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Old May 19, 2006, 11:41 PM   #5
JimC
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Join Date: Jun 2003
Location: Savannah, GA (USA)
Posts: 22,378
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Can you use a flash?

If so, then motion blur shouldn't be a problem if you're within the flash range indoors (because the subject would not be properly exposed except during the flash burst, and the flash burst is so short it can freeze the action).

If you can't use a flash and stay within the rated flash range, then it's a another ballgame (most cameras won't work well enough without a flash in most indoor condtions if you're taking photos of a moving subject).

Your Fuji is going to be especially bad in this area (without a flash), since it's limited to ISO 100. Almost any popular camera can go to ISO 200 or more. Each time you double the ISO speed (which represents how sensitive the sensor is to light), the camera can use shutter speeds twice as fast for the same lighting and aperture.

So, most cameras are going to let you get shutter speeds at least twice as fast as your Fuji in low light.

Your Fuji also loses a lot of light as you zoom in more. It's down to a maximum aperture of f/4.8 on it's long end (most optical zoom). Smaller f/stop numbers are better for light gathering ability.

So, yes, almost any camera would be an improvement over your Fuji.

From your descripton of problems, it also sounds like you want something that focuses faster. If you read the Conclusion section (last page in each review before the sample images), you'll see comments on Autofocus Speed and reliability.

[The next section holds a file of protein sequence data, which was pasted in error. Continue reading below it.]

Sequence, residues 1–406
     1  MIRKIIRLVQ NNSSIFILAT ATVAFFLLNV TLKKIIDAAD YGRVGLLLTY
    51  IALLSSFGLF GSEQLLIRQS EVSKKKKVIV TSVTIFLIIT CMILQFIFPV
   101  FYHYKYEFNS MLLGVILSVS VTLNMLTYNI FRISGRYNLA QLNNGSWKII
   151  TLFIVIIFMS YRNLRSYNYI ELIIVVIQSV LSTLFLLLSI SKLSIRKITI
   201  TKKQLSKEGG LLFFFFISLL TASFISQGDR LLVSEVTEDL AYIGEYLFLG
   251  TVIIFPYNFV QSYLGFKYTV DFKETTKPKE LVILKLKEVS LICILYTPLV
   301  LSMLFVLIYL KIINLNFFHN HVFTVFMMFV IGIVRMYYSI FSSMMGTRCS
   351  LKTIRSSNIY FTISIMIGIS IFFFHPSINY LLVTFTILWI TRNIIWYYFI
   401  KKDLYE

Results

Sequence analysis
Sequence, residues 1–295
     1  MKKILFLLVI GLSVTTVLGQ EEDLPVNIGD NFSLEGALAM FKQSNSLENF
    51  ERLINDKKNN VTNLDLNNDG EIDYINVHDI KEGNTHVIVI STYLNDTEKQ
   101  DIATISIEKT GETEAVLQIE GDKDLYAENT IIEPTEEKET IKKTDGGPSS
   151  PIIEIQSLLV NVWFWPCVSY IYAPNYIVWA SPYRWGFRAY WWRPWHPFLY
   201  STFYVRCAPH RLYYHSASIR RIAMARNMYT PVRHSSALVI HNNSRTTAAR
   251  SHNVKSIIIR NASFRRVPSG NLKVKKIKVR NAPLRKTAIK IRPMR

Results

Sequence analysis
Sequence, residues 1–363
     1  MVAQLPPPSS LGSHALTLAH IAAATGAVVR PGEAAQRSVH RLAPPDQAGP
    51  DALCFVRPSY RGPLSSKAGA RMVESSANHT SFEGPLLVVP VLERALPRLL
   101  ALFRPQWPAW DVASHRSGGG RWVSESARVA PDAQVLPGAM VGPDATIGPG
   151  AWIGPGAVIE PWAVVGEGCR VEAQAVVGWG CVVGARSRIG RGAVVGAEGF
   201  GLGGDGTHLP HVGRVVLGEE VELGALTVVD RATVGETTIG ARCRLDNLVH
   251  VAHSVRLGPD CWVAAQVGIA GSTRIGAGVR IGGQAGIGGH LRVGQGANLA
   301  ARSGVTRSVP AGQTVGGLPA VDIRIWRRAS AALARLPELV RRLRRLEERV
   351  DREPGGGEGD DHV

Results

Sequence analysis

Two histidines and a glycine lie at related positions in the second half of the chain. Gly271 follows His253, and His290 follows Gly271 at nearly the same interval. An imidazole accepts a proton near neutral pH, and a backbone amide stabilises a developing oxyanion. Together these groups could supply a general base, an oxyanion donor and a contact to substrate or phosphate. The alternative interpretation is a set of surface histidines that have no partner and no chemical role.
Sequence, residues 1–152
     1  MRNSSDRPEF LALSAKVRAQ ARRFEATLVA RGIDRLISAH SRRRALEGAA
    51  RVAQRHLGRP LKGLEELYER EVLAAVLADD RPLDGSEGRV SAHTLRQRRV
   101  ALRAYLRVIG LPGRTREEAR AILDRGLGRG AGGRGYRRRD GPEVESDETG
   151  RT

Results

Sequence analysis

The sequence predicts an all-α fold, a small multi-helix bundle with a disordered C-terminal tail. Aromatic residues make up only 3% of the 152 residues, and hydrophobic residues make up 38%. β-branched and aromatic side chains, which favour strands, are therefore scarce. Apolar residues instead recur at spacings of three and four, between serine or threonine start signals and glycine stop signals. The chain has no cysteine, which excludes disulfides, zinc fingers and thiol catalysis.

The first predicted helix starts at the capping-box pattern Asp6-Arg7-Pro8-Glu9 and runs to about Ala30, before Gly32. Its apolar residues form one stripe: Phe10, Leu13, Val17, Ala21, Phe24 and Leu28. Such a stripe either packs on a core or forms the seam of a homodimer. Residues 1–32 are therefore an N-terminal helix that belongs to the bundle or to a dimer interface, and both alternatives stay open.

But, for condtions like Basketball in typical gym lighting without a flash, you will need to step up to a DSLR model (and you'll need a bright lens to go with one) if you don't want any motion blur. None of the non-DSLR models are going to handle rapidly moving subjects in low light without a flash (and even a DSLR is going to be challenged in those conditions).

Condtions like that usually require ISO 1600 *and* a very bright lens if you want to get rid of motion blur (and most non-DSLR models will have unacceptable noise levels at much over ISO 200 or 400).

Even in typical room lighting at night, it's tough to get photos of a non-stationary subject without a flash if you don't want any motion blur, even with a DSLR using a bright lens (even if they're only walking).

What's bright to the human eye is not to a camera's lens. What you think is a well lit interior is very low light to most cameras. That's where a flash comes in. ;-)

Out of the models you're looking at, I'd probably lean towards the Panasonic or Canon models. But, I wouldn't expect to get a high percentage of usable images in many low light condtions without a flash indoors if your subjects are not stationary.

For that, you'd want a DSLR capable of using much higher ISO speeds along with a bright lens (which increases size, weight and cost).

With an ultra-zoom model, in order to give you that much optical zoom in a very small package, the sensors have to be very small, too. Because they're very small, they have a smaller surface area for each pixel. As a result, they don't generate a signal that's as strong, requiring more amplifcation (which adds noise/grain) for equivalent senstivity to light. That's one of the tradeoffs with smaller cameras.

In contrast, a DSLR uses a much larger sensor, and can give you much higher usable ISO speeds (which you need to get shutter speeds faster to help with motion blur). But, they will also require much larger and heavier lenses for equivalent focal range (how much magnification from wide to long) and brightness.

There are some exceptions. For example, Fuji has managed to get relatively good high ISO performance in a couple of their new subcompact models (like the F10 and F11). But, they're not ultrazoom models, and they lose a lot of light as you zoom in more.

Any camera choice is a compromise.


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